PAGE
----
I was a pretty skinny kid growing up. I’m talking knobbly knees, chicken legs, and the kind of body that made adults say things like “we need to get a few pies in you”.
I had never really thought about what my body looked like until I went to secondary school. All the girls around me started growing boobs and bragging about their bra sizes in the PE changing rooms, and I had… nothing. I got my first double A bra from Asda just so that I wouldn’t be the only girl without anything on, but there was absolutely nothing for it to hold. I was nothing but ribs and skin.
Then, when I was about 13, the boy who sat in front of me in music lessons turned around and asked me if I was anorexic. I didn’t even know what to say. I was shocked. As far I was concerned, I ate like a pig. But that question suddenly made me self conscious; did people actually look at me like that? Was there something wrong with my body? I thought about all the times adults had commented on how they needed to feed me up, and how my friends had gripped my wrists to see how small they were. Did I need to change something? I started to make a point of overeating in front of people, bragging about how much I could eat in one sitting, and avoiding the charity fast days at school out of fear that everyone thought I had an eating disorder. But no matter how hard I tried, I couldn’t seem to put on any weight. Curves were nowhere to be seen. I was still living in my outfits from Tammy and the kids sections of shops, but trying to hunt down size 4 clothes in Miss Selfridge so that I could look as grown up as the other girls with their C cup bras and bigger hips. Girls expressed their envy over my bony body and six stone weight, but I would have done anything to swap with them.
It wasn’t until I got to sixth form that I started to put on more weight (probably thanks to the meatball subs that I consumed literally every single lunchtime without fail – the people who worked at Subway knew my order without even having to ask me), but I was still really slim. I started to develop a few curves though – not enough to dance around my bedroom to My Humps, but enough to get comments like “Olivia, when did you get an arse?” and other slightly creepy remarks.
When I moved to uni, my lifestyle completely changed. Alcohol, takeaways, and a rejection of any physical activity whatsoever meant that after years of trying to pad myself out, I rapidly gained rather a lot of weight. In some ways, I was ridiculously happy. Boobs! A bum! Curves! Finally! But then something new crept in. I was self conscious about the new, dark purple stretch marks that had flowered on my thighs, bum, and boobs, the way my face seemed to have turned into the moon, and how none of my clothes fit me anymore. When I came home for Christmas, an old friend of mine said I had “gotten a bit podgy”. Someone suggested I go on a five mile run. My sister, six years older than me, weighed me and found that I was two stone heavier than she was. I felt a strange sense of shame. I had got what I always wanted, but I was unhappy with it. I couldn’t win, no matter what my weight was.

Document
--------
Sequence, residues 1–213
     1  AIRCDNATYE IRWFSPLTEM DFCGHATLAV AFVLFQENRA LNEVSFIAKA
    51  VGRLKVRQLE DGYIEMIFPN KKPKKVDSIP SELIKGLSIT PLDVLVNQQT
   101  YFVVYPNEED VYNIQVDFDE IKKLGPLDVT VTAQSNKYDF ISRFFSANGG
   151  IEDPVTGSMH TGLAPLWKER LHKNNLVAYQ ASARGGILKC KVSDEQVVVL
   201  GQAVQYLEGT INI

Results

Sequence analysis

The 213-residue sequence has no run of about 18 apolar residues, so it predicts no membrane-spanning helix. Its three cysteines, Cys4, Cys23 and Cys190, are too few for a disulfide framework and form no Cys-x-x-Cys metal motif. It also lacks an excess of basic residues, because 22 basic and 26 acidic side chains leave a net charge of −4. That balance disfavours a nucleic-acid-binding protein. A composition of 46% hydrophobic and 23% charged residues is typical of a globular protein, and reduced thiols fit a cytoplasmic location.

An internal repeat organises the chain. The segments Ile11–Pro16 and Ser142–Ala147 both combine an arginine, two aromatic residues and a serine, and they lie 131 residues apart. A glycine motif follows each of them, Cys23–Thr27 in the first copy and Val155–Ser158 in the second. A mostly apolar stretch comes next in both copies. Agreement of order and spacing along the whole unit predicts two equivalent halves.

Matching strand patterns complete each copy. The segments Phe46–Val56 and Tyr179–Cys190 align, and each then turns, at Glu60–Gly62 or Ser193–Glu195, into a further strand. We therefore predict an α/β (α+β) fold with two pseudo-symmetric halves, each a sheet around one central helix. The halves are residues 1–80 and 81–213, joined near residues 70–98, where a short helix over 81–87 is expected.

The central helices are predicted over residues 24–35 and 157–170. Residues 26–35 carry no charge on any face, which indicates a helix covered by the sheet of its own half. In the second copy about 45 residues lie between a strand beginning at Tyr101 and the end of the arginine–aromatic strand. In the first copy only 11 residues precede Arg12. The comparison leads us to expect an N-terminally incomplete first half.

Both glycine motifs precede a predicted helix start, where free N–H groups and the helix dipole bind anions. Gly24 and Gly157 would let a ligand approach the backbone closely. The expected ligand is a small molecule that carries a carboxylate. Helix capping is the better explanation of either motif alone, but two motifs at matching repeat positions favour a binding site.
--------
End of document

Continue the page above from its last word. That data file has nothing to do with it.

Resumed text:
The following year, I dropped a lot of weight after I turned veggie, and I drank very rarely. Then, a few months ago, a horrible bout of stress and anxiety caused me to shrink once more. I think I’ve reached some kind of middle ground now, but this Christmas a family member asked me if I was anorexic, and when I replied no, they asked if I was bulimic. These things still linger, and people regularly question and point out my weight. I am less concerned with that now though. I’m more concerned about doing and eating the things I enjoy, without letting my body go to some kind of unhealthy ruin. Sure, sometimes I’ll eat healthily and go to the gym, but other times all I want is to demolish an entire pack of biscuits and laze around in bed for a couple of days. My weight fluctuates, but it’s just a matter of how I feel at the time, and I don’t make much of a conscious effort to make myself look a certain way anymore.
The comments we make about people’s bodies stay with them for a long time. I was never self conscious about a lot of things about myself until other people commented on them, and they’re things I’ll never forget. I will always remember being told I had tiny pig eyes in year 8 while I queued for my lunch, and people making fun of my eyebrows (too bushy when I left them, too thin when I plucked them), my teeth, my voice, my body hair, and a million other tiny things. For a long time, whenever I looked in the mirror, all I saw were the mean comments that people at school had made about my physical appearance. Sometimes I still do. But I have learned to accept the way that I look and love myself for what I am.
Things are rarely all they’re cut out to be. When it comes to weight, we walk on a fine line. When I was more slender, people asked me if I had an eating disorder, I craved curves and padding, and was desperate for a “womanly figure”. When I put on a bit of weight, I was “podgy” and needed to shed some pounds, became self conscious about stretch marks, and couldn’t stand to look at my layers of chins. You’re never going to please everyone, and there are always going to be people who question you. As long as you’re happy within yourself, none of that matters. My face is still a bit like the moon, I’ve still got stretch marks galore on my thighs, and my boobs still aren’t as big as 13 year old me wanted them to be, but I’m happy with myself for the most part and I don’t let people’s passing comments impact upon the way I see myself anymore. That’s what matters, no matter what my weight might be.
Treat your body, and other people’s bodies, with care. Look after them, and be kind to them, because they’re all we have.